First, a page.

Some investors think the Fed should disregard that hot inflation print: Morning Brief

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Friday 14 October 2022

Today’s newsletter is here Julia Hyman, Moderator and Correspondent at Yahoo Finance. Follow Julia on Twitter @Juleshyman. Read this and other market news along on the go Yahoo Finance app.

Inflation spiked again on Thursday, meaning the Federal Reserve is almost certain to hike rates by at least 75 basis points at its next meeting and possibly in December as well.

That’s now Wall Street’s baseline scenario after Thursday’s core consumer inflation showed the largest year-on-year rise since 1982 in September.

But a growing chorus of investors say the Fed shouldn’t base its rate-hike decisions on lagging indicators like the consumer price index (CPI) and the unemployment rate. Instead, these investors say, the Fed should be looking at forward-looking indicators, such as the prices of commodities like gold, which show declining inflation.

“The CPI we got is a lagging indicator. It’s always a lagging indicator,” Ark Invest founder and CEO Cathie Wood told Yahoo Finance on Thursday. “And we see a lot of prices in the pipeline falling.”

MIAMI, FLORIDA - APRIL 7: Cathie Wood, Chief Executive Officer and Chief Investment Officer, Ark Invest, gestures while speaking during the Bitcoin 2022 Conference at the Miami Beach Convention Center on April 7, 2022 in Miami, Florida.  The world's largest Bitcoin conference will take place from April 6th to 9th and expects over 30,000 visitors and over 7 million live stream viewers worldwide.  (Photo by Marco Bello/Getty Images)

Cathie Wood, Chief Executive Officer and Chief Investment Officer, Ark Invest, gestures during her speech during the Bitcoin 2022 conference at the Miami Beach Convention Center on April 7, 2022 in Miami, Florida. (Photo by Marco Bello/Getty Images)

While Wood has made a name for herself by betting on innovative investments like Tesla (TSLA) and Bitcoin (BTC), she has a background in macroeconomic analysis. She believes the Fed is on the wrong track.

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This week, the wayward investor wrote an open letter to the Fed, expressing concern that the central bank was making a “political error” by raising interest rates. The Fed aims to ease inflation, but claims its actions could overshoot and fuel deflation.

Michael Darda, chief economist and chief strategist at MKM Partners, also warns the Fed against continuing its dovish stance.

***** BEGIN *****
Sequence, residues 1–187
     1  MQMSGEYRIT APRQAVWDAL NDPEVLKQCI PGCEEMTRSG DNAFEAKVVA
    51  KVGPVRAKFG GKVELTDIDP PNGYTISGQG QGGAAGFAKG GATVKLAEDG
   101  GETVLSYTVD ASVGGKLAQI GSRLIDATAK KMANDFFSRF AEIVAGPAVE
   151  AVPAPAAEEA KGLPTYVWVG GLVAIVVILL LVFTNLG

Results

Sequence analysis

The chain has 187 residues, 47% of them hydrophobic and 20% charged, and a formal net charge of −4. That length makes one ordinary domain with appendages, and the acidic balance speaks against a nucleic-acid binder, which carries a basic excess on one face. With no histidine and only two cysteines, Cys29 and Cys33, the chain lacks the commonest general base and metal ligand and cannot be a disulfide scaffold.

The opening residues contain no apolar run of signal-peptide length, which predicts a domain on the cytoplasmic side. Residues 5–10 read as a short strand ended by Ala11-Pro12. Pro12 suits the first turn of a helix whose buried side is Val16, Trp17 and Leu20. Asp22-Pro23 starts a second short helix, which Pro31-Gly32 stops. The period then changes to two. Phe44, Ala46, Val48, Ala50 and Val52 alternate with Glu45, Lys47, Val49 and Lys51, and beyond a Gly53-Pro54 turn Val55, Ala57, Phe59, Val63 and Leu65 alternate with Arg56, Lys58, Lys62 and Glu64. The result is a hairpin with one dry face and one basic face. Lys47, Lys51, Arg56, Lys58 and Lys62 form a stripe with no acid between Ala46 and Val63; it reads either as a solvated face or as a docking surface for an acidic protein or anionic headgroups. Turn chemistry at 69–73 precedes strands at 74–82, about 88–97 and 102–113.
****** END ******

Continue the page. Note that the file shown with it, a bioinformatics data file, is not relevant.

“You’re about to go too far and way too fast,” he told Yahoo Finance Live. “They really should slow down the pace of rate hikes now and not panic over severely lagging indicators. This is a recipe for an accident.”

Of the various lagging indicators, Darda says rent can lag more than others.

“Sticky core inflation measures like rents will tend to lag the economy by five quarters,” he said. “That means the strength here could simply be a reflection of how the economy was doing 15 months ago.”

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And what are the forward-looking indicators of inflation to keep an eye on?

Both Wood and Darda point to the fall in commodity prices, with Wood citing gold’s fall in particular as a good indicator of inflation. “Gold is a leading indicator of inflation,” she said. “And it didn’t break out. It’s collapsing.”

Also breaking down: used car prices. Also, companies from retailers (Nike) to chipmakers (Micron, Intel) that have been short of supply during the pandemic are now regularly reporting inventory overflow.

“Everything that was at the leading edge of the boom in the inflation process has turned around very sharply, and yet the Fed is acting aggressively and looking in the rear-view mirror,” Darda said.

He’s not optimistic that the Fed’s backward-looking hawkishness will change any time soon. Although consumers may see lower prices, investors won’t get any relief from the Fed until lagging indicators catch up.

All of that said, stocks showed incredible resilience in the face of the hot inflation report. Jared Blikre from Yahoo Finance wrote about what that means.

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What to see today


  • 8:30 a.m. ET: Sales advance in retailMoM, September (0.2% expected, 0.3% mom)

  • 8:30 a.m. ET: Retail sale without carsMoM, September (-0.1% expected, -0.3% mom)

  • 8:30 a.m. ET: Retail sales excluding cars and gasolineMoM, September (0.3% MoM)

  • 8:30 a.m. ET: retail sales control groupSeptember (0.0% in previous month)

  • 8:30 a.m. ET: import price indexMoM, September (-1.1% expected, -1.0% mom)

  • 8:30 a.m. ET: Import price index excluding oilMoM, September (-0.2% MoM)

  • 8:30 a.m. ET: import price indexYoY, September (7.8% MoM)

  • 8:30 a.m. ET: export price indexMoM, September (-1.2% expected, -1.6% mom)

  • 8:30 a.m. ET: export price indexYoY, September (10.8% MoM)

  • 10:00 a.m. ET: business suppliesAugust (0.9% expected, 0.6% during previous reading)

  • 10:00 a.m. ET: University of Michigan Consumer SentimentOctober preliminary (58.8 expected, 58.6 in previous month)


  • JP Morgan (JPM), Citigroup (c), MorganStanley (MRS), pnc (PNC), U.S. Bancorp (USB), UnitedHealth (UNH), Wells Fargo (WFC)

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Where inflation gets better and worse

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